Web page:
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25
Sharedmemory mutual exclusion: Major research trends since
 Distributed Computing
, 1986
"... * Exclusion: At most one process executes its critical section at any time. ..."
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Cited by 47 (7 self)
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* Exclusion: At most one process executes its critical section at any time.
An Adaptive Collect Algorithm with Applications
 Distributed Computing
, 2001
"... In a sharedmemory distributed system, n independent asynchronous processes communicate by reading and writing to shared memory. An algorithm is adaptive (to total contention) if its step complexity depends only on the actual number, k, of active processes in the execution; this number is unknown ..."
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Cited by 32 (10 self)
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In a sharedmemory distributed system, n independent asynchronous processes communicate by reading and writing to shared memory. An algorithm is adaptive (to total contention) if its step complexity depends only on the actual number, k, of active processes in the execution; this number is unknown in advance and may change in different executions of the algorithm. Adaptive algorithms are inherently waitfree, providing faulttolerance in the presence of an arbitrary number of crash failures and different processes' speed. A waitfree adaptive collect algorithm with O(k) step complexity is presented, together with its applications in waitfree adaptive algorithms for atomic snapshots, immediate snapshots and renaming. Keywords: contentionsensitive complexity, waitfree algorithms, asynchronous sharedmemory systems, read/write registers, atomic snapshots, immediate atomic snapshots, renaming. Work supported by the fund for the promotion of research in the Technion. y Department of Computer Science, The Technion, Haifa 32000, Israel. hagit@cs.technion.ac.il. z Department of Computer Science, The Technion, Haifa 32000, Israel. leonf@cs.technion.ac.il. x Computer Science Department, UCLA. eli@cs.ucla.edu. 1
Computing with reads and writes in the absence of step contention
 In Proceedings of the 19th International Symposium on Distributed Computing (DISC’05
, 2005
"... Abstract. This paper studies implementations of concurrent objects that exploit the absence of step contention. These implementations use only reads and writes when a process is running solo. The other processes might be busy with other objects, swappedout, failed, or simply delayed by a contention ..."
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Cited by 17 (13 self)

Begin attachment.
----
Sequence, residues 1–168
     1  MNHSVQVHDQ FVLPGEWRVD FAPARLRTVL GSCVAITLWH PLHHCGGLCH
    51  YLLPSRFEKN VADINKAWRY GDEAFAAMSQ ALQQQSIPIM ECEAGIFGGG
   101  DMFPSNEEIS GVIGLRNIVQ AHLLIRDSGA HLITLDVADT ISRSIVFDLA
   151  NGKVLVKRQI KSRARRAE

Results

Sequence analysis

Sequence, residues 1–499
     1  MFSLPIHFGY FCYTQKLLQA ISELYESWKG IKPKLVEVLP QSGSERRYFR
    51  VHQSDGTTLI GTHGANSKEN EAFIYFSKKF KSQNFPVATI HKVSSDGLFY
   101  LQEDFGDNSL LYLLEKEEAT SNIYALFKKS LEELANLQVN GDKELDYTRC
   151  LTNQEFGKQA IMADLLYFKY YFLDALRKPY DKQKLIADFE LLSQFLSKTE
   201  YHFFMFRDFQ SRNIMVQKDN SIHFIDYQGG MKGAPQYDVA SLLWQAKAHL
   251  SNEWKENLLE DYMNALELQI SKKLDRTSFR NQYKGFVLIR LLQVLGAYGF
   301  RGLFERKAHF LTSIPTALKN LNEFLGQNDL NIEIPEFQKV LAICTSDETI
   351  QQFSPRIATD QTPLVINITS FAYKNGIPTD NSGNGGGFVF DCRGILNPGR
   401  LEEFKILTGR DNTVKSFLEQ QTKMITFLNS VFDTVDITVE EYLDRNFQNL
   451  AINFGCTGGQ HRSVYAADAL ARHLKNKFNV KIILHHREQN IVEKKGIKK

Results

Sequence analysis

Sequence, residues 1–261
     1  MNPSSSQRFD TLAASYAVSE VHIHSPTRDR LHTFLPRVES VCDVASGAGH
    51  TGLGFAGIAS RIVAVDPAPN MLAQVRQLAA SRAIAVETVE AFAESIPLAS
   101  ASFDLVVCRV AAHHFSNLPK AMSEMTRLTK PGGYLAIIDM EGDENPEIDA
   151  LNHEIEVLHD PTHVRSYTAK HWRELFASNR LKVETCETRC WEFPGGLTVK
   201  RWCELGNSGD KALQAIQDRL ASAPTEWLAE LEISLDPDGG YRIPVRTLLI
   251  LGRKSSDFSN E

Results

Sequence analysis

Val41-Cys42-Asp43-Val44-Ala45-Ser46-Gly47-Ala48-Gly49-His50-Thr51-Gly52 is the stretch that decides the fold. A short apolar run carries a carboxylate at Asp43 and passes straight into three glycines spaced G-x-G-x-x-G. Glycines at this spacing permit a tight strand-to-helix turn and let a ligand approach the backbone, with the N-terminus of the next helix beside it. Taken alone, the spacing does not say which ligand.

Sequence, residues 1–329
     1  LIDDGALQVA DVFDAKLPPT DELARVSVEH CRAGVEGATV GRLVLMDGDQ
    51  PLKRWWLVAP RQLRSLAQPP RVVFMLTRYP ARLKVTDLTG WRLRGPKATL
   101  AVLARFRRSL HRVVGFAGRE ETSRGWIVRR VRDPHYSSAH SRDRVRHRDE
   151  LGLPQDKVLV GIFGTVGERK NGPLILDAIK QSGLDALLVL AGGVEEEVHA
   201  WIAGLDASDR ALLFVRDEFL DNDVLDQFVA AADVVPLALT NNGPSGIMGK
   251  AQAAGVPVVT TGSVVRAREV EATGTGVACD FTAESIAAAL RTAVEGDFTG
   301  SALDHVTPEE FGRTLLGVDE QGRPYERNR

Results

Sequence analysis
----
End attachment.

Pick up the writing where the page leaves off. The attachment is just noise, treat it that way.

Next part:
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Abstract. This paper studies implementations of concurrent objects that exploit the absence of step contention. These implementations use only reads and writes when a process is running solo. The other processes might be busy with other objects, swappedout, failed, or simply delayed by a contention manager. We study in this paper two classes of such implementations, according to how they handle the case of step contention. The first kind, called obstructionfree implementations, are not required to terminate in that case. The second kind, called solofast implementations, terminate using powerful operations (e.g., C&S). We present a generic obstructionfree object implementation that has a linear contentionfree step complexity (number of reads and writes taken by a process running solo) and uses a linear number of read/write objects. We show that these complexities are asymptotically optimal, and hence generic obstructionfree implementations are inherently slow. We also prove that obstructionfree implementations cannot be gracefully degrading, namely, be nonblocking when the contention manager operates correctly, and remain (at least) obstructionfree when the contention manager misbehaves. Finally, we show that any object has a solofast implementation, based on a solofast implementation of consensus. The implementation has linear contentionfree step complexity, and we conjecture solofast implementations must have nonconstant step complexity, i.e., they are also inherently slow. 1
Efficient Adaptive Collect using Randomization
 PROC. OF THE INTL. SYMP. ON DISTRIBUTED COMPUTING (DISC
, 2004
"... An adaptive algorithm, whose step complexity adjusts to the number of active processes, is attractive for distributed systems with a highlyvariable number of processes. The cornerstone of many adaptive algorithms is an adaptive mechanism to collect uptodate information from all participating p ..."
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Cited by 17 (2 self)
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An adaptive algorithm, whose step complexity adjusts to the number of active processes, is attractive for distributed systems with a highlyvariable number of processes. The cornerstone of many adaptive algorithms is an adaptive mechanism to collect uptodate information from all participating processes. To date, all known collect algorithms either have nonlinear step complexity or they are impractical because of unrealistic memory overhead. This paper
A Simple Algorithmic Characterization of Uniform Solvability (Extended Abstract)
 Proceedings of the 43rd Annual IEEE Symposium on Foundations of Computer Science (FOCS 2002